HUMINT: Unconditional Love
HUMINT: Unconditional love can be expressed in many ways. I think of unconditional love as the emotional expression of a part for the whole. A mother and her newborn are emotionally inseparable. That’s an expression of unconditional love. Brothers may share it, if they’re close confidants. Soldiers may feel a version of unconditional love for those they risk everything for. A priest may feel unconditional love for his parishioners and vice-versa. Unconditional love is usually detached from materialism but it can indeed exist over purely material relations. A zealous store owner may feel a version of unconditional love for their most loyal customers.
The interconnectedness between part and whole is a transcendent bond that engenders unconditional love. Only through exercising those bonds can love be replenished. Without a sensation of unity; a part yearning to be whole, unconditional love is impossible. To understand unconditional love we need to consider what is conceivably whole and all the parts that contribute to its wholeness. Alternatively, we might assert, when parts are missing from the whole, there is an observable incompleteness.
At first glance, it’s apparent that none of the relationships that tie a part to its whole is ambivalent. In other words, the cohesion that binds a part to its whole is biased. It makes sense in the context of righteousness. There’s no such thing as righteous ambivalence. Pragmatism is often masqueraded as righteous ambivalence but instead, it’s self delusion; a form of escape; a part abandoning the whole.
Examples abound. Tribalism is often an elaborate expression of the bond between a member and their extended family. Nationalism is an elaborate expression of the bond between a citizen and their state. Consumerism is a bond between a consumer and their market choices. Environmentalism is a bond between a person and the earth. Spiritualism is an elaborate bond between the individual and their universe. None of these bonds is mutually exclusive. Each tug and push on the other, vying for equilibrium.
When these cohesive forces contradict each other too quickly or for too long, the inevitable result is a crash. In terms of tribes and nations, these crashes are called revolutions. They’re called recessions in terms of markets. When discussing the environment, they’re called extinctions. Only religion asserts its permanence yet we know that religions are as equally capable of extinction as are all of a faith’s adherents.
That said; how do we know these things? Inversely, how could we thrive if we did not know these things? Even if you’ve never heard of the scientific method, or never conducted a single laboratory experiment; we’re all aware of the past. Our unique interpretations of the past may deviate wildly; nevertheless we all know our present condition is a product of events that occurred in the past.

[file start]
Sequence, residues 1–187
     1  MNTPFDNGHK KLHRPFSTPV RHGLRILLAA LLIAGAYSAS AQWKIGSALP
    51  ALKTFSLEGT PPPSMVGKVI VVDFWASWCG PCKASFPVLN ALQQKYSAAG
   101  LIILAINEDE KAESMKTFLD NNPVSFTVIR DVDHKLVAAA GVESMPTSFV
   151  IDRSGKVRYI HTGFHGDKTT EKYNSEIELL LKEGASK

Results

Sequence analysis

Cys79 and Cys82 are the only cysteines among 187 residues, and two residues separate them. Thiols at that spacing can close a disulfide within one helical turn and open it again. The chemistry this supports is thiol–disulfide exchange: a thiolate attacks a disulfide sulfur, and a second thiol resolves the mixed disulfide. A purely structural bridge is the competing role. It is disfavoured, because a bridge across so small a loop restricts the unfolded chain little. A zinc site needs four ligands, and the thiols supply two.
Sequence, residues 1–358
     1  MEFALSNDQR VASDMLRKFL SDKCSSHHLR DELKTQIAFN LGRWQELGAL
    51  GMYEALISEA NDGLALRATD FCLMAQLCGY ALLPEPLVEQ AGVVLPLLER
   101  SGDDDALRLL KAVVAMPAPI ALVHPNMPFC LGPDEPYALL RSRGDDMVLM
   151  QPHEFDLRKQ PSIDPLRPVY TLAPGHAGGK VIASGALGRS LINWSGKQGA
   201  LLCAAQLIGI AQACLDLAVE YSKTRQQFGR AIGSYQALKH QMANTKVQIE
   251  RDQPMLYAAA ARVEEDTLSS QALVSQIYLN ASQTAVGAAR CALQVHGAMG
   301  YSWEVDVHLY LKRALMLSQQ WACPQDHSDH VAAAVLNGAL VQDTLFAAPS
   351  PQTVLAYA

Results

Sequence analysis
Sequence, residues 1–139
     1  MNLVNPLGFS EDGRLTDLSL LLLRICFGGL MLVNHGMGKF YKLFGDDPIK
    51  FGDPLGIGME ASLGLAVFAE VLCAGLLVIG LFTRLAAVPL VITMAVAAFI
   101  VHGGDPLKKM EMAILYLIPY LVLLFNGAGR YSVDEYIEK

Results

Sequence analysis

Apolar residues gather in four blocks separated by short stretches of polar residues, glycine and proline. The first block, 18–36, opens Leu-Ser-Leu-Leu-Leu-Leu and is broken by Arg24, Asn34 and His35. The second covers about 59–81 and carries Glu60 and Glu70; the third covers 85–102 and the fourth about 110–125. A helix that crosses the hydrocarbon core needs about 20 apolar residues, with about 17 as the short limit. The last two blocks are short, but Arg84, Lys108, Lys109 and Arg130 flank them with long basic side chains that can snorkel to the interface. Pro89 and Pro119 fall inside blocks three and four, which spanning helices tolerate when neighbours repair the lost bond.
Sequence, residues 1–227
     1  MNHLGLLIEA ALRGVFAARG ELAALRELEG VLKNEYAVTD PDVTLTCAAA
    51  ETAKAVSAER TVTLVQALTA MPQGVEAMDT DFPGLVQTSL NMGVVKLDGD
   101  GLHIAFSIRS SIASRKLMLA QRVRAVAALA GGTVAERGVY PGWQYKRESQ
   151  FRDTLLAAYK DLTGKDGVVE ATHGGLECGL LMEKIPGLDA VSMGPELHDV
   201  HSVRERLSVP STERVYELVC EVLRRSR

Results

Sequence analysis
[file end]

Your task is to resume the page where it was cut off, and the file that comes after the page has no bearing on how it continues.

Humanity, in the here and now, represents all people --- a seemingly comprehensive whole to consider. Unconditional love exists between individuals and humanity, although it is very rare. It’s rare because it’s impractical. It only works for individuals loosely bound to their own past, and the history of all the wholes they belong. It might work for revolutionary idealists, but not their children or their children’s children. That’s because unconditional love for humanity is not the same as the whole represented by all of human history.
Human history is a truly comprehensive whole. Like religion, history, so long as there is a person capable of learning and remembering it, is impervious to crashing. Unlike religion though, humanity’s history includes all of the religions any one of us or our ancestors have ever believed in. Indeed, unlike these other sub-wholes [Tribe Nation Market] are each included in human history. Unfortunately, unconditional love does not exist between historical events (the parts) and history (the whole). History’s many parts are incapable of emotion; therefore past events have no cohesion to the whole of human history. It’s only through iterative interpretation of historical events that cohesive parts begin gravitating toward a unified whole.
That’s what all of us do with the history we think we know. The truth is, only historians operate with the legitimate qualifications, AKA, academic license, to organize historical events into a cohesive unified whole. Every other interpretation of history is just a convoluted opinion cobbled together by the emotional mix that guides each of us through our lives.
Maybe, one day, when historians are allowed to abandon their own [Tribes Nations Markets Environments Religions] and begin articulating human history as the whole that it truly is, the rest of us highly emotional laymen will understand the deeper meaning of our life, love and work in the context of all the life, love and work that was accomplished before us. From that awakening, we will see ourselves anew; we will find a new respect for history and an unconditional love for the future.
Among the competing forces that define who we are now, there is a force generated by the image of who we intend to be in the future. Constantly baptized by the fires of history making events, for better or worse, we are all changing. The questions we should be asking ourselves and each other are “how?” and “why?” Arguably, the force compelling us to succeed in harmony with each other is the most potent of all forces. Its power is an enduring theme throughout human history because it is a complementary force. Given freedom, and an accurate history, there is no reason to believe we couldn’t all be born again, in sustainable peace. That’s my definition of victory.
In short, our history deserves unconditional respect and our future deserves unconditional love.